Performance & Hotrod Business - Mar. '15

Issue link:

Contents of this Issue


Page 56 of 136

54 n Performance & Hotrod Business n March 2015 HOTROD N ew bodies for old cars are no longer a new phenomenon. More and more "classic" roadsters, coupes, muscle cars and even popular pickups are being built using reproduction sheet metal. The reasons for this are many, but tend to boil down to supply and demand: The supply of original bodies is shrink- ing, while demand for cool cars continues to grow. "Demand for new steel reproduction bodies has been rising for the last 20 years," notes Joe Whitaker, a partner in Real Deal Steel LLC, of Sanford, Florida, "primarily due to the scarcity of good original cars—as well as the reluctance of the end-user to deal with a rusty original body. The start-to-finish time—the instant gratification time—is dramatically short- ened when the project does not have to spend so much time in metal surgery. Since we launched Real Deal Steel over four years ago, demand has continued to increase exponentially." More Metal for Muscle That said, even Whitaker allows that, "given the choice of a pristine (or nearly so) original body vs. a new Real Deal Steel Body, we would choose the original every time. An original body has had all of the interior and exterior trim already fitted. It's been seam-sealed and primed. But a pristine original body is no longer a reality. So the next best choice is a new steel body." In addition to being all-new and rust- free, a Real Deal Steel body has 25-percent more resistance spot welds to increase the rigidity and durability, he adds. "But the major advantage of a new body over a rusty original is the savings it offers in labor and materials. You don't have to pay your shop $65 (or more) per hour to install patch panels." Real Deal Steel now offers 1967 and '68 Camaro coupes, in addition to the '69 model that debuted in 2013. "We've sold over 20 of the '69 bodies since it was introduced," Whitaker con- tinues. "Then two customers in one day called and asked for a '68. Our fixtures and processes for all three are similar, and our contacts at GM were more than happy to license the new body styles." Prices for all three model years are the same. "Our '55-'57 Chevy and '40 Ford coupe continue to sell, but the Camaros are now our fastest-growing line." Camaro convertibles from '67-'69 are in the works. "We have now produced over 250 bodies," Whitaker added. "Most of those were built as customs, while others have been built as restorations. The best-known example is probably Open Air, the '56 Chevy convertible we helped complete for Classic Industries and Chop Cut Rebuild on MAVTV. Building on its already impressive list of muscle-era staples, Dynacorn Classic Bodies of Camarillo, California, expected to release a 1970-'71 Dodge Challenger early this year, and is working on a '66-'67 Reproduction bodies continue to make new builds easier. by John F. Katz Classic Recreations' 1966 Mustang Fastback Shelby G.T. 350CR. (Photo courtesy Classic Recreations)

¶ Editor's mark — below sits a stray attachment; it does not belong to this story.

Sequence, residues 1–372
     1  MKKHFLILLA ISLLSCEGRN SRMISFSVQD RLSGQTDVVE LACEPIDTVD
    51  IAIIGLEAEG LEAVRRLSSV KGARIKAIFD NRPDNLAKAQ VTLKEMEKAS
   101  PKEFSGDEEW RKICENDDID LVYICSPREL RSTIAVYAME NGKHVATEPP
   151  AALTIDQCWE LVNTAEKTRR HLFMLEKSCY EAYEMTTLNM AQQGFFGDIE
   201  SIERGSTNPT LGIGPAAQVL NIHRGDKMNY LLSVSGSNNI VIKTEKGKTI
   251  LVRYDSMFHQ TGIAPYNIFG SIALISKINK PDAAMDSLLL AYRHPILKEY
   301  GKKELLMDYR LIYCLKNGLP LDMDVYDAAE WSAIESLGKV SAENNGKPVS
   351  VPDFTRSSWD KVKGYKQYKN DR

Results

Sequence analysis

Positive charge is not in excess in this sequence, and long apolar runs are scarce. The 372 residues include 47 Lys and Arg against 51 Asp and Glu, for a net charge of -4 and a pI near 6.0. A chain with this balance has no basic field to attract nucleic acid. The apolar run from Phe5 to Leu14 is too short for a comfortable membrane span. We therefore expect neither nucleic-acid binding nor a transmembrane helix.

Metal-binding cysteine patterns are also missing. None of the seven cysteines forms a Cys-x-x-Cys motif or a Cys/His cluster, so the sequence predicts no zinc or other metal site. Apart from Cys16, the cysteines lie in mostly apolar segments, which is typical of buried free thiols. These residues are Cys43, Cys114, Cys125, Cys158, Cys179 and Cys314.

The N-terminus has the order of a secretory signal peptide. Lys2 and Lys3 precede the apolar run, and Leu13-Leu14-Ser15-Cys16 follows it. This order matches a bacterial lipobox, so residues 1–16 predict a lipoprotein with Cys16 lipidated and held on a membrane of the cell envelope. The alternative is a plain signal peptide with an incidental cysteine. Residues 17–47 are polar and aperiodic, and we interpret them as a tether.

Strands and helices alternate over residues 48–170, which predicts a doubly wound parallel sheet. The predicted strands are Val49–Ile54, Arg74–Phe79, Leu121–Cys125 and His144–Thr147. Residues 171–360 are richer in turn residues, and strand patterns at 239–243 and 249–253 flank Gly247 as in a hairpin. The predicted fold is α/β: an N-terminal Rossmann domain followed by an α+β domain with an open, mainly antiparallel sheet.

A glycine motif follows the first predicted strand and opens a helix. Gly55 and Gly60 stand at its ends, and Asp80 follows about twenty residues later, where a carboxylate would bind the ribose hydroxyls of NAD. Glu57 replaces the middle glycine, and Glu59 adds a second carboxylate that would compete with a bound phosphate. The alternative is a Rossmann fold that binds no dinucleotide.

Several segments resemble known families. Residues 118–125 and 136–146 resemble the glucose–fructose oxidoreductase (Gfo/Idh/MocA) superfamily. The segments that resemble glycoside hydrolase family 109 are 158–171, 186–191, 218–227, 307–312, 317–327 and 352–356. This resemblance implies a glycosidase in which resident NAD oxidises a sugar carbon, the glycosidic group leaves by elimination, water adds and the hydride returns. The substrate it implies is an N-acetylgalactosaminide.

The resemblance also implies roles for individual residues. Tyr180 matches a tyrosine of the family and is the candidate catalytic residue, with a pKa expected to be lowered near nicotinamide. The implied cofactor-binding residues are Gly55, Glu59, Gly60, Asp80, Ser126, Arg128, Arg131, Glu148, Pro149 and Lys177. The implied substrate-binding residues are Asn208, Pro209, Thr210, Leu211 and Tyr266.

Articles in this issue

view archives of THE SHOP - Performance & Hotrod Business - Mar. '15